Trump uses COVID-19 pandemic to close southern border from immigrants

A U.S. Customs and Border Protection (CBP) car roam the streets; President Donald Trump and the CBP are denying immigrants asylum in the U.S. due to concerns over COVID-19.

U.S. Customs and Border Protection Ford Interceptor Utility / Raymond Wambsgans / https://flic.kr/p/QZTkGS / CC BY-SA 2.0

A U.S. Customs and Border Protection (CBP) car roam the streets; President Donald Trump and the CBP are denying immigrants asylum in the U.S. due to concerns over COVID-19.

It has been President Donald Trump’s goal to impede illegal immigration from Mexico since he started campaigning for office back in 2015. Due to COVID-19, Trump’s ambitions have become a reality, as he used the pandemic as an opportunity to turn back all immigrants without offering asylum.

Throughout his tenure in office, the Trump administration has actively worked to ban asylum for immigrants, something that has been in international law since a 1951 conference in the United Nations; refugee rights have been in U.S. domestic law since the 1980 Refugee Act.

While his administration initially gained ground with a ban on entry points along the southern border in 2018, a federal court reinstated a block on this asylum ban.

Yet, Trump found a way to get what he desired and has secretly been using the outbreak of COVID-19 to send immigrants from Mexico and Central America back to Mexico. According to U.S. Customs and Border Protection (CBP), the Trump administration has deported almost 10,000 attempted immigrants since March 21.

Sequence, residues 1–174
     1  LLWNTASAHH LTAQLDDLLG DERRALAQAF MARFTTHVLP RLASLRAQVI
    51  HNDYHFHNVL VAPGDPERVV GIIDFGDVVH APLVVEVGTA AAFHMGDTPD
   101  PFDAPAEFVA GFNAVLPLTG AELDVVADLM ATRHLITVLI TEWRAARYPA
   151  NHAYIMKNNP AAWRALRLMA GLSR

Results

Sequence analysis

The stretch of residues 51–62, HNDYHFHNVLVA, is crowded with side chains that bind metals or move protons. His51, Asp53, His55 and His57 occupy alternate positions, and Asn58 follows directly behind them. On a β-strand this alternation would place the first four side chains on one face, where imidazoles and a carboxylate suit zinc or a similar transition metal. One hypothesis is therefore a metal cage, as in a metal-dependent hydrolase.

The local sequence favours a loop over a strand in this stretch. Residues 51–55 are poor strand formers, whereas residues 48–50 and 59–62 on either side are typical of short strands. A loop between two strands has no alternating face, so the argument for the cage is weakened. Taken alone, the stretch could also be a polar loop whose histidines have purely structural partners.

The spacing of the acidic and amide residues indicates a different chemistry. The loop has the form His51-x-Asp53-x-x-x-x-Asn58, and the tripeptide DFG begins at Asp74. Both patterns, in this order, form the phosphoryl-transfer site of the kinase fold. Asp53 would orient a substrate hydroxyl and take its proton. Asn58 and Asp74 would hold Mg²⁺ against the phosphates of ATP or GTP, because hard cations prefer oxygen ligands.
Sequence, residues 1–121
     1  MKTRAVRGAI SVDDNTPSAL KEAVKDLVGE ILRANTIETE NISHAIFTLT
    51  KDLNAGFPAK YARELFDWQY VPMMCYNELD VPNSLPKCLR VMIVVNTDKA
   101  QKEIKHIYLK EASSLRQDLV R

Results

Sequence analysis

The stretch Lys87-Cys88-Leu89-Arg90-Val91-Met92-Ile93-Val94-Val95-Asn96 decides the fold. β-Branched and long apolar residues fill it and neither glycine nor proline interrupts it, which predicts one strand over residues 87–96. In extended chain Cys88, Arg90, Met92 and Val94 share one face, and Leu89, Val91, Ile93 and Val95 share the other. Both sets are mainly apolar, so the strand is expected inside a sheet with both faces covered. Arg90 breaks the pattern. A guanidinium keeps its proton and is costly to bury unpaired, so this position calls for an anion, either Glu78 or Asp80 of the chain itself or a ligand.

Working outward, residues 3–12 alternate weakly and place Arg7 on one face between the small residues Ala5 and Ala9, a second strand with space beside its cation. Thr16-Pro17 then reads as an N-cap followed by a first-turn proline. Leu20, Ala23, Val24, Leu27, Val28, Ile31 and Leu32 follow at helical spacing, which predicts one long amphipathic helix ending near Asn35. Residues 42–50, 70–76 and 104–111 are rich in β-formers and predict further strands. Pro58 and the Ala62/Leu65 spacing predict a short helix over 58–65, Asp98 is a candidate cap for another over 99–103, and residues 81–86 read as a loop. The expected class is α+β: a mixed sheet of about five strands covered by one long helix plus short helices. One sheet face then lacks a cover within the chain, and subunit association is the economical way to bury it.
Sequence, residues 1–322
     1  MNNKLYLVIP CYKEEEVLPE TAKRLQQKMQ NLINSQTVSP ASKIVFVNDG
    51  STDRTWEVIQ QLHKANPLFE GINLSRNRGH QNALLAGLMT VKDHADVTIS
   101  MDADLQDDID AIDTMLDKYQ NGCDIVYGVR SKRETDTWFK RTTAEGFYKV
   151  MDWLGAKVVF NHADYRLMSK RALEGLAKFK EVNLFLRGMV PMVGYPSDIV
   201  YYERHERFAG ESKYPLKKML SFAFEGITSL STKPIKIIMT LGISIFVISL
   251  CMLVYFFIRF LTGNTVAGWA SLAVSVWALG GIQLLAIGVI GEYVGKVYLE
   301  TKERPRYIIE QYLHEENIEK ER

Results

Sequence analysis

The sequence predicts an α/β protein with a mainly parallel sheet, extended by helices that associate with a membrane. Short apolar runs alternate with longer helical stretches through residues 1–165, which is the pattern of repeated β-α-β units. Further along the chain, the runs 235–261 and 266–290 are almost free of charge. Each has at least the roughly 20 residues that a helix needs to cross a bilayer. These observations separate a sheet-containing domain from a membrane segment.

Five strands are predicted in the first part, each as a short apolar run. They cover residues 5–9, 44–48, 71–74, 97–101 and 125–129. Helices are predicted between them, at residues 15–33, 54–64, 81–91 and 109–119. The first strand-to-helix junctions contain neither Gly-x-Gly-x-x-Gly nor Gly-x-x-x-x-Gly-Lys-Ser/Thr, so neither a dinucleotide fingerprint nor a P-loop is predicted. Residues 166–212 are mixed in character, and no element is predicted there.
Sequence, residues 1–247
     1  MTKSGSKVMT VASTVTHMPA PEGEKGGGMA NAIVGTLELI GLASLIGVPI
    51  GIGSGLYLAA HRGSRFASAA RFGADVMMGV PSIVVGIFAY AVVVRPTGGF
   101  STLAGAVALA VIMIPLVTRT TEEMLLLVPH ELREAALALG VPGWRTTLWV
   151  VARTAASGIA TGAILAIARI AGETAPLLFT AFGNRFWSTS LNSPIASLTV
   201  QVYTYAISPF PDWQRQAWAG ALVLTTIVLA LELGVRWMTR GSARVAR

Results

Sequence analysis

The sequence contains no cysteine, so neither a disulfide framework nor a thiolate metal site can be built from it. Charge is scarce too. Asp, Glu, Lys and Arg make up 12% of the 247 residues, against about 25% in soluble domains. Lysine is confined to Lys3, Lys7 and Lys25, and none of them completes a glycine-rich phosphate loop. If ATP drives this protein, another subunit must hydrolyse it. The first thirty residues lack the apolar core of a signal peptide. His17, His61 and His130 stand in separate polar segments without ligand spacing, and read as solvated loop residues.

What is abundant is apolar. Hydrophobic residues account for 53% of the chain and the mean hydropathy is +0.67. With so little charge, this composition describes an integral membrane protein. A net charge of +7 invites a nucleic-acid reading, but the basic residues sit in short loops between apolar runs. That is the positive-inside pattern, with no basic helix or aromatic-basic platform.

“What’s happening right now is a public health crisis driven by a global pandemic, which has resulted in a national emergency declared by this president to protect the health and safety of every American in this country,” said Mark Morgan, the acting commissioner for the CBP.

Despite the reason for this action being health-related, the “closing” of the border effectively completes what Trump had previously started.

Aaron Reichlin-Melnick, the Policy counsel for the American Immigration Council, recognizes that this pandemic gives the government all the power that they need.

“The administration is able to do what they always wanted to do,” Reichlin-Melnick said.

According to an article by the New York Post, if fear of danger in an immigrant’s homeland is immediate and plausible, they may be offered a “lesser” form of asylum and given a screening for COVID-19.

Even though this action is underway because of health concerns, many people, including Reichlin-Melnick, are worried that the border closing could last a significant time into the future.

“I don’t see this slowing down,” Reichlin-Melnick said.